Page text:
Court of Appeals holding in Quattlebaum is a great decision for Veteran's survivors.

file000704919536-300x203The Court of Appeals for Veterans Claims (CAVC) started off  2012 with a very positive decision for Veteran's survivors when it issued its opinion in Quattlebaum v. Shinseki.

Here's how it used to be: When a Veteran passed away, and had a pending claim for benefits, his survivor (typically a spouse or eligible surviving parent or child) had the ability to file a claim for "accrued benefits" (Click on the link to read more about accrued benefits claims).

If the survivor was denied accrued benefits in a final decision (remember, a final decision is one where a timely appeal was never filed), that used to be the end of the road for the Veteran's survivor's accrued benefits claim.  Until now, the only way to get an accrued benefits claim reopened was to show that the VA violated its "Duty to Assist" the Veteran during his/her lifetime, and that if the VA had not violated the Duty, the Veteran would have had evidence to prove his/her claim for benefits.

Here's how it is now: The CAVC ruled that - insofar as reopening the claim is concerned - an accrued benefits claim is no different from any other type of benefits claim.   If a survivor finds "new and material evidence" to support the elements of an accrued benefits claim, then the VA must reopen the claim.

Why is this a big deal? In my experience, the VA routinely denies "accrued benefits" claims in anything but the most clearly obvious situations.  By denying the accrued benefits claims, I think that the VA knew that a large number of survivors would just abandon the appeal and give up the claim. Now, when Veterans' survivors decide that an attorney may be able to help them with their accrued benefits claim, the survivor has some options to reopen the denied claim and pursue the compensation the Veteran and his/her spouse is still entitled to.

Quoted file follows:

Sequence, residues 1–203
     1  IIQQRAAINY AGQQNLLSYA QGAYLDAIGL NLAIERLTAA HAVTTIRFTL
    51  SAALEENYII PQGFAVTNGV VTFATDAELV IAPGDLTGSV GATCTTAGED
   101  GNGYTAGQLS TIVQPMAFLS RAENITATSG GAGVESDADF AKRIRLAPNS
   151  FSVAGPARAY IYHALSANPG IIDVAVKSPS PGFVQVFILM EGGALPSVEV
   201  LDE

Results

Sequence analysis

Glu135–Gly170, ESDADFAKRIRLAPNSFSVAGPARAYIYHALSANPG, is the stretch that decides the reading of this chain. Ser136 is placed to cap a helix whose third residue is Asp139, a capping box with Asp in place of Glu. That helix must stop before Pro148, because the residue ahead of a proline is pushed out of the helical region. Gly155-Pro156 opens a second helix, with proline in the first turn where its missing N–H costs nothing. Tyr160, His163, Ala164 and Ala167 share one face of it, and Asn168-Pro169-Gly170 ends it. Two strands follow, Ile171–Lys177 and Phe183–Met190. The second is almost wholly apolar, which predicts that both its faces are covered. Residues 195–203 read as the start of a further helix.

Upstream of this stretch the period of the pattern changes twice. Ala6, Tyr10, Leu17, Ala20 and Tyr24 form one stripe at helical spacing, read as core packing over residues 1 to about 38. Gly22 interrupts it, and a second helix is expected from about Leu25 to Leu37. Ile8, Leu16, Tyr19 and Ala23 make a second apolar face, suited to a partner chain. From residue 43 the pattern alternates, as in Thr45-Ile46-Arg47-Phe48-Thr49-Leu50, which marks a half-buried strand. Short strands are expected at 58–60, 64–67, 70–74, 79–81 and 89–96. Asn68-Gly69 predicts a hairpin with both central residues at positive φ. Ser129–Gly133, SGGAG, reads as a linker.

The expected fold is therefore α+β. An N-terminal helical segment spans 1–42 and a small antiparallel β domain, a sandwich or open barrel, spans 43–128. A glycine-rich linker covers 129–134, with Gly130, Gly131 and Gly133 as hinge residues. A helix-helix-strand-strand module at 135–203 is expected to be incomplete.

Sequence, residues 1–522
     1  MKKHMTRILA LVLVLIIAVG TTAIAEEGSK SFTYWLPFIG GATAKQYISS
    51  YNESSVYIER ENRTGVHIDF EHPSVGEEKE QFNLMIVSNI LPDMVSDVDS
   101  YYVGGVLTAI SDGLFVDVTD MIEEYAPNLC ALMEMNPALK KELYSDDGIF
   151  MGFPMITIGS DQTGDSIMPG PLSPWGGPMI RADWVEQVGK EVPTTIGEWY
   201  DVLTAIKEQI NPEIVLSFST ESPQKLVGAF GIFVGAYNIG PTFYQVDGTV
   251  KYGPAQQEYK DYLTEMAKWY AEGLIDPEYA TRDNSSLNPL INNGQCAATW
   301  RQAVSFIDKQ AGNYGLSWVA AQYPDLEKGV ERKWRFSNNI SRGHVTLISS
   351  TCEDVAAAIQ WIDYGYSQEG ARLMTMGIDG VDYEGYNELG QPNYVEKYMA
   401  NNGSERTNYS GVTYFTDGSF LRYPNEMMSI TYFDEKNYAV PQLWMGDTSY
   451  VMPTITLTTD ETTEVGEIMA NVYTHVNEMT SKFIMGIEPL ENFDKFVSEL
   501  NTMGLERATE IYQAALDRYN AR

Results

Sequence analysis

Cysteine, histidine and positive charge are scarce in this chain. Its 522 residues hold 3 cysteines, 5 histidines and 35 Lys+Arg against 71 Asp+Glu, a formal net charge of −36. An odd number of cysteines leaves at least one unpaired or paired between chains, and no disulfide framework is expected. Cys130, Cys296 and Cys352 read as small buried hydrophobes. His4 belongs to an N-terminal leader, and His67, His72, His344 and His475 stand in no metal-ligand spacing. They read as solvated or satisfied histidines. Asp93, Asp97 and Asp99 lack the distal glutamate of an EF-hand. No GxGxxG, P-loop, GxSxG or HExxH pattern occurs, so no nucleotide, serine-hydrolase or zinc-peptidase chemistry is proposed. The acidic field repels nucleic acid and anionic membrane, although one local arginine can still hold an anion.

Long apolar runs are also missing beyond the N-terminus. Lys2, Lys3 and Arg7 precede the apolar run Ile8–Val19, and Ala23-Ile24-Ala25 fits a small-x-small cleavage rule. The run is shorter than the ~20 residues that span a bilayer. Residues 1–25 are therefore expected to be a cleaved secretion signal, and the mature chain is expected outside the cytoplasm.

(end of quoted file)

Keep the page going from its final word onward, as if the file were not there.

One important note. First, it is crucial to note that the Quattlebaum decision does NOT change the fact that a survivor must apply for accrued benefits within one (1) year of the Veteran's death.  If a survivor  does not file in that one year, it is going to be virtually impossible to successfully pursue the claim for accrued benefits.

**************

Other Posts on the Veterans Law Blog that you might like:

What are all these New Blog Categories (Shoot, Move and Communicate) about?

5 Ways to Service Connect Your Military Injury

DRO or No-DRO: Which is Faster in a VA Appeal?

Find out how to get the MOST IMPORTANT Document in Your VA Claim.

Breaking out of the Prison of Your VA Experience.

When the DRO throws you a Curve Ball,
Do you know how to get your appeal Back on Track?

DRO Case Study Series #1



Blog Disclaimer.

By Chris Attig 
Categories: #1 Shoot

Leave a Reply

Your email address will not be published. Required fields are marked *

You may use these HTML tags and attributes: <a href="" title=""> <abbr title=""> <acronym title=""> <b> <blockquote cite=""> <cite> <code> <del datetime=""> <em> <i> <q cite=""> <strike> <strong>


Search Our Blog

 write va claim

It's HERE! Our FIRST Full Length Training Video.  Everyone who has seen this Video has said "WOW"!

 "[Y]our Ebooks would be my 1st step, if I had to do [my claim] all over again....Ask me now what I think your Ebooks and Documents are worth.....saved me a year or 2 on BVA appeal and at least $15K in legal fees."   - George D. (Veteran)

 

 

 

 Screenshot 2014-08-02 19.43.58 

"You explain in plain language what works and what doesn't and why it doesn't. Your E-Book ... on Lay and medical evidence is fantastic and easy to follow." - James F (Vietnam Veteran)